Taking Control Of Your Credit Cards

Credit card crisis – 3 steps to ease the strain

Taking care of you means taking care of your finances. In this day and age, it is much too easy to drown in debt. No one likes the feeling of being financially over-extended.

According to research done by Nerd Wallet the average American family carries about $16,000 of credit card debt which means that unless the credit cards are paid off in full each month, that same household is spending about $1300 a year on interest charges. That is a lot of money that could be in your pocket instead of in the bank’s coffers.

Without looking at a bank statement, do you know how much you owe on your credit cards? If not, maybe you should look. If you do know, do you have a plan to pay it off as quickly as you can? You probably know that credit cards carry some of the highest interest rates around and unless you pay off your minimum balance each month, you are paying outrageous interest to the banks. This is not how you want to be spending your hard earned money. Being aware of your financial reality is the first step towards owning your financial future.

Truth be told, I am not a fan of credit cards, even though I know they have their benefits and uses, they can also cause a lot of stress due to ‘operator overload’. That would be the owner of the credit card shopping and spending when they would be better off looking and saving. I’m sure you know the scenario.

If your credit cards are red hot from over use, it’s time to get your financial house in order. Here are three tips that make good financial sense, and can at least be a starting point.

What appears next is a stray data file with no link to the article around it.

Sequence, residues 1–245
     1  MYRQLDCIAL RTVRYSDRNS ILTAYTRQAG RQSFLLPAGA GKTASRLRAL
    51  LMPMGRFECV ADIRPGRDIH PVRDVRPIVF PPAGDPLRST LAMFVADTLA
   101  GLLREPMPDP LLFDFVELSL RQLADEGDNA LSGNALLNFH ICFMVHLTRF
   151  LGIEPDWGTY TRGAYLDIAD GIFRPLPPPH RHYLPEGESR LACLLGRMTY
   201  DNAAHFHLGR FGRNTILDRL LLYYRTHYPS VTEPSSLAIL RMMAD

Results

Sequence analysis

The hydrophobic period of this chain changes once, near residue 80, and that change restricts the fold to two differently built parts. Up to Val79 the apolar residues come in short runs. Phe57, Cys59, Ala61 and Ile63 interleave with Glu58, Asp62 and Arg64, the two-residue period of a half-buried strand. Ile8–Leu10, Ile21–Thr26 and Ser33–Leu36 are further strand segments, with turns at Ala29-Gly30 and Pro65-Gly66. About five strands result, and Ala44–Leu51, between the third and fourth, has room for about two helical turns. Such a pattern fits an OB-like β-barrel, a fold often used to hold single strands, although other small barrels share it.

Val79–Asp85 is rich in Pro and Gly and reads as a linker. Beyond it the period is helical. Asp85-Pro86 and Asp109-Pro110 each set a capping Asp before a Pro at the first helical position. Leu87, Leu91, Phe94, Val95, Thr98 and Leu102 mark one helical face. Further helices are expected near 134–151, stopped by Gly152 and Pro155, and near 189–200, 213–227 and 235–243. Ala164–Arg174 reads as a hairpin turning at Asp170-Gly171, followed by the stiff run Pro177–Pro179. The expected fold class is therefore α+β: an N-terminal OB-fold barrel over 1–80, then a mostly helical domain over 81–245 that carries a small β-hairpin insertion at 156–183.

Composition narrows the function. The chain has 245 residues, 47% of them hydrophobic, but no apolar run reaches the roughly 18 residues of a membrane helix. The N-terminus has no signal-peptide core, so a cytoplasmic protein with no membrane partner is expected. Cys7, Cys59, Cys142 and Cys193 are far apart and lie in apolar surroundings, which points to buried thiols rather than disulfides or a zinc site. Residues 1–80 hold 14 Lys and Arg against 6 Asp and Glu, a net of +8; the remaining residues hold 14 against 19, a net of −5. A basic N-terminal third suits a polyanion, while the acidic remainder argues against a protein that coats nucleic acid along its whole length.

1. Talk to your bank about paying down whatever you owe as fast as you can. Any interest you don’t pay the bank, is money in your pocket, for you and your family. According to Suze Orman, most American banks are charging interest in the range of 15% – 20%. That is an outrageous price to pay if you are not paying off your credit cards completely each month.


  1. Seriously give some thought to reducing the number of credit cards you have in your wallet. For every card you have, you have to make sure you track the payment dates, balances and limits. Fewer cards means less follow up for you, which saves time, hassle and stress.


  1. Maybe it’s time to re-think how you use your credit cards. My personal favourite suggestion is to stop shopping just for the sake of shopping. Take a good hard look at your life. Do you really need more stuff? Do you need more dustables? Seriously, give it some thought. Leave the credit cards at home the next time you take a trip to the mall. If you don’t have enough cash to pay for it, and it’s not a matter of survival, like groceries or medicines, then maybe you don’t really need it, you just really want it. Part of taking care of you is recognizing the differences between needs and wants!


As you know, a financial planner I am not, so if you are drowning in debt, then get some help. The best place to start is your bank, or check out Suze Orman’s website, she has lots of great ideas and suggestions. Either way, take action to get this issue sorted.

Keeping in mind that if our goal is to take care of us then having our financial house in order is key. If you are over-extended with your credit cards, then taking any small step in order to sort it out is a step in the right direction. Start where you are and move forward from there. Don’t beat yourself up for actions already taken, give yourself credit for taking responsibility and moving forward.

I just want you to have the peace of mind in knowing that you have got the credit card monster under control.

Until next week,


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